Illustration: Craig Stephens
Stephen Orlins
Stephen Orlins

How the US can craft a bold and positive China agenda that benefits all Americans

  • Revoke tariffs, revisit curbs on Chinese people, companies and media, engage constructively on human rights and international norms, fine-tune Taiwan policy – and ditch confrontation
  • The US should not understate the benefits that constructive engagement brought to the American people

As we await the Biden administration’s China policy review, I want to address where US China policy stands and propose actions the administration should take to craft a policy that benefits all Americans.

I will not spend time rehashing the litany of bad, sometimes reprehensible, Chinese government decisions, policies and behaviours relating to its treatment of dissidents and people in Xinjiang and Hong Kong, its Taiwan policies or its unfair economic policies. I am on the record forcefully criticising those policies and attributing blame to the Chinese government for the state of the relationship from far before the Trump era.
Over the past four years, America’s China policy has been a disaster for average Americans and US-China relations. It has often been based on fallacies rather than facts.
The Biden administration needs to forcefully refute some of these foundational fictions, such as China interfered in the 2020 elections – it didn’t; Chinese pay the tariffs on imported goods – they don’t; or the bilateral trade deficit reflects the unfair trading relationship between China and the United States – it doesn’t.
Envelopes containing ballots are shown at a voting center in San Francisco on November 1, 2020. A US intelligence report published in March this year concluded that China did not interfere in the 2020 US presidential election. Photo: AP

It’s easy to criticise from the sidelines, so here is my positive agenda for a US policy towards China that will strengthen ties and benefit American families.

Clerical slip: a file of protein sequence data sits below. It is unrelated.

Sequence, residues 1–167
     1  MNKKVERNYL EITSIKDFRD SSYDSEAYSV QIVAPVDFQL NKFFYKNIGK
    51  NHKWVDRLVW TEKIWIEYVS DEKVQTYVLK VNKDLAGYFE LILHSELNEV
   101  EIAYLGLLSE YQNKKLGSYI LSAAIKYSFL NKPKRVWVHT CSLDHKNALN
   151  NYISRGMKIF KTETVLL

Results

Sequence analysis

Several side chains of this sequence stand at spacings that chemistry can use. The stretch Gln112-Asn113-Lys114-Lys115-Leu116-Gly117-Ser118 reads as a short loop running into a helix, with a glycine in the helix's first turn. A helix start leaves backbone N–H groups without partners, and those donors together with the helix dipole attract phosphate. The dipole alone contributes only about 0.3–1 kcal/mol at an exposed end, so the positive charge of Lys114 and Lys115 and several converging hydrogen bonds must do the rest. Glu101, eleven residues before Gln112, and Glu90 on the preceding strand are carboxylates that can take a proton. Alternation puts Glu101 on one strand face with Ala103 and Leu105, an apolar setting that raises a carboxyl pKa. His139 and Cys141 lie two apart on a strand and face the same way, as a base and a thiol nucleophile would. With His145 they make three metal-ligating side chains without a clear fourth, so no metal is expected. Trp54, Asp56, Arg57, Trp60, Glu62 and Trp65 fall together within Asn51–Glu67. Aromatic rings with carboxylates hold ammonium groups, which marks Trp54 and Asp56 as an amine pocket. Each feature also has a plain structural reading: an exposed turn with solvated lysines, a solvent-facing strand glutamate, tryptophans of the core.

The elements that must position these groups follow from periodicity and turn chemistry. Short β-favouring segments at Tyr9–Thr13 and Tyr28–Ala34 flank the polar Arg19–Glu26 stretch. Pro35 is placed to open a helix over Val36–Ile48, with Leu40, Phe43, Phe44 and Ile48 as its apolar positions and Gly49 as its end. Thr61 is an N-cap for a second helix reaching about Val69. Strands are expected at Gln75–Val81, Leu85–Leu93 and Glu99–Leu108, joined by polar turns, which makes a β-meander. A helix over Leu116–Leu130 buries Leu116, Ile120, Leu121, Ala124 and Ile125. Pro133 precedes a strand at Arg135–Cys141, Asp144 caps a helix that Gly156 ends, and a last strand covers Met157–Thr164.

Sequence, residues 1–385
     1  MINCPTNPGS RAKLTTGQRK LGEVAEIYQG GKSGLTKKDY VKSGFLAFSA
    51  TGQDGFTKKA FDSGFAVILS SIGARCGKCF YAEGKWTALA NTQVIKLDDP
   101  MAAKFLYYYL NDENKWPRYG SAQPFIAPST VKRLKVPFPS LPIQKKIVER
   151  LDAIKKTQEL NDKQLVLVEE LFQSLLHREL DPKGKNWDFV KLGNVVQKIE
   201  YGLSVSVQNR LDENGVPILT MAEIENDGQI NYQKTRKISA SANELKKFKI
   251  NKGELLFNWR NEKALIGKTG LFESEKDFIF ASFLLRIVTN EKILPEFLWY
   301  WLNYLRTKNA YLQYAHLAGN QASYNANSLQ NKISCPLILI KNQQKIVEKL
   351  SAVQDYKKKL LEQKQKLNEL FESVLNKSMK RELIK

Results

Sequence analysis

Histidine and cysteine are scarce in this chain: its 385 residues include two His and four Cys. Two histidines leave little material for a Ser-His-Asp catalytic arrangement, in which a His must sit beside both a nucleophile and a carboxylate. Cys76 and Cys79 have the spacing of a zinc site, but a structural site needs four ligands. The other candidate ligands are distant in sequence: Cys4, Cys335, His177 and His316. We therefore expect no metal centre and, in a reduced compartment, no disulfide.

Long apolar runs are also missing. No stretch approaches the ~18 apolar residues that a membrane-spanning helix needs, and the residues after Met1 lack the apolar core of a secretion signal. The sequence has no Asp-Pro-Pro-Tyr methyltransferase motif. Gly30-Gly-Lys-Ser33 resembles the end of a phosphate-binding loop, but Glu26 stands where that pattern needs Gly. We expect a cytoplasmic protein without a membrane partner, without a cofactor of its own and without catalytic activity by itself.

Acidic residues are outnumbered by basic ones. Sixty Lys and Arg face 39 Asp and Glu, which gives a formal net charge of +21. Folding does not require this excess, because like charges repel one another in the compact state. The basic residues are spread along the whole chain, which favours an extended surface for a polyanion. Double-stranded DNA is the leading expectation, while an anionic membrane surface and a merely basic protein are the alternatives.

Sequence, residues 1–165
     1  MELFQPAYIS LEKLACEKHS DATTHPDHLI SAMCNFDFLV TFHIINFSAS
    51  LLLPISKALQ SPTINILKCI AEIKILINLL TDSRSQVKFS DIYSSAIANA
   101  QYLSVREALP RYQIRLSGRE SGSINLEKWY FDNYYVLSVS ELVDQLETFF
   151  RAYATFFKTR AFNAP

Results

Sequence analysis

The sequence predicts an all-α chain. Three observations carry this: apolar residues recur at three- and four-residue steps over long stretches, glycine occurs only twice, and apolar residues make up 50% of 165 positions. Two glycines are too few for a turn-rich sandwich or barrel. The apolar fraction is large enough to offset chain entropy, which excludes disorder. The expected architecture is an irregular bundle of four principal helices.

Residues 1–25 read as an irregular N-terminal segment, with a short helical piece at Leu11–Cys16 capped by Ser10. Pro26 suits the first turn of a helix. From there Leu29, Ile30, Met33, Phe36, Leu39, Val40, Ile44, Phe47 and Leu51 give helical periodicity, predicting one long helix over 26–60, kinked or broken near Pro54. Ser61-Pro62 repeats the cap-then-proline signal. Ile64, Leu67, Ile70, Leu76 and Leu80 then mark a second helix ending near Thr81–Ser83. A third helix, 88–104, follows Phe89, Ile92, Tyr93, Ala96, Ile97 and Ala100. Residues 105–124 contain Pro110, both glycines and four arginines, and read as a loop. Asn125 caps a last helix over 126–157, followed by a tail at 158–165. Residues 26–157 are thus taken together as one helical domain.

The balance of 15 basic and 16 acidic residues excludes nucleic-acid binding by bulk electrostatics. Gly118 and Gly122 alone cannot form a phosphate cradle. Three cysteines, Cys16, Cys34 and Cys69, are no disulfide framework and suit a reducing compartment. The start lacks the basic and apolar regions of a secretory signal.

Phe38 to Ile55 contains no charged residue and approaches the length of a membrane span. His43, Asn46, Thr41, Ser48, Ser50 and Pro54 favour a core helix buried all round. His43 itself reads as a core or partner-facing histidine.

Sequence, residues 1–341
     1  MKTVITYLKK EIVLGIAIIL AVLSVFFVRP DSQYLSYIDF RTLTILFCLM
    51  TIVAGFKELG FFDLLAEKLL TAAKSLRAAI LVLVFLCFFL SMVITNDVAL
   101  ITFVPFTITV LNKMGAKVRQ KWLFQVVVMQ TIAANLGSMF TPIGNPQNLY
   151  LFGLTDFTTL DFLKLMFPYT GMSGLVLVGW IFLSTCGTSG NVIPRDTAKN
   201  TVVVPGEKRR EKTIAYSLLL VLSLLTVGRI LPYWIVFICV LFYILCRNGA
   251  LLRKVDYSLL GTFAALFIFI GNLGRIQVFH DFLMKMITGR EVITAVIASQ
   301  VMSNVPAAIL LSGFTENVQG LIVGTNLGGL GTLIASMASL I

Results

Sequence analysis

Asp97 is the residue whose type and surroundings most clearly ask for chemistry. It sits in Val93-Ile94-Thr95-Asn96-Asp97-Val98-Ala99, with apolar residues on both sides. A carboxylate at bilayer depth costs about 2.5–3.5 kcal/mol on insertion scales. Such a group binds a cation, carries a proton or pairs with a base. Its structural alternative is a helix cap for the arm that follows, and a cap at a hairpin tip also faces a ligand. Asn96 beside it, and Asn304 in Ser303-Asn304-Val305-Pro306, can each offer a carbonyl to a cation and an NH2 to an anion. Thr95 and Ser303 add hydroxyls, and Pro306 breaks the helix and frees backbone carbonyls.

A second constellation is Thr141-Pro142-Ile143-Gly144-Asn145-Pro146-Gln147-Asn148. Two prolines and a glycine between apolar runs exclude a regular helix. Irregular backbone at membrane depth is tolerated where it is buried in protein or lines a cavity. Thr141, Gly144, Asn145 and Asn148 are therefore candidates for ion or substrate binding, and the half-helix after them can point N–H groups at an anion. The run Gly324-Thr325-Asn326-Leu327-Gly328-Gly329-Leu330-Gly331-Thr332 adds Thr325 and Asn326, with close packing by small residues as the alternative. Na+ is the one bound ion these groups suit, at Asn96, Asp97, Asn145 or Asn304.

On the economic front, the administration should immediately revoke Trump’s tariffs. China has indicated it will end its reciprocal tariffs. America has already lost 300,000 jobs and a family of four is still paying US$2,300 annually in extra expenses. With inflation possibly on the horizon, it is time to act.
The delisting of Chinese companies from US stock exchanges and the investment prohibition on 59 Chinese companies also needs to be revisited. While the Biden administration has emphasised working with allies, we work alone when it comes to delisting and sanctioning Chinese companies.

If these companies’ listings in Hong Kong, London, Singapore and Tokyo remain unchanged, these actions do not harm them. They do, however, have an impact on people’s livelihoods here in New York.

The administration should restore the Peace Corps and Fulbright programmes and reverse the executive order that ends congressional staff trips to China. The administration should also speed up the issuance of student visas and restart issuing visas to Communist Party members and their families.
We can facilitate this by allowing the Chinese government to reopen its consulate in Houston as the US reopens its consulate in Chengdu. The US should also quickly rebuild the Centres for Disease Control and Prevention (CDC) and National Science Foundation presence in its Beijing embassy.
Additionally, the administration should end restrictions on Chinese state media in the US, which reports on America to Chinese audiences and does not influence discussions of China in America. Before acting, the administration should secure Chinese government agreement to allow American journalists back into China under acceptable working conditions.

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Attorney General Merrick Garland should end the China Initiative. At a minimum, it undermines the Justice Department’s guidelines that prosecutors should not be influenced by a person’s race or national origin.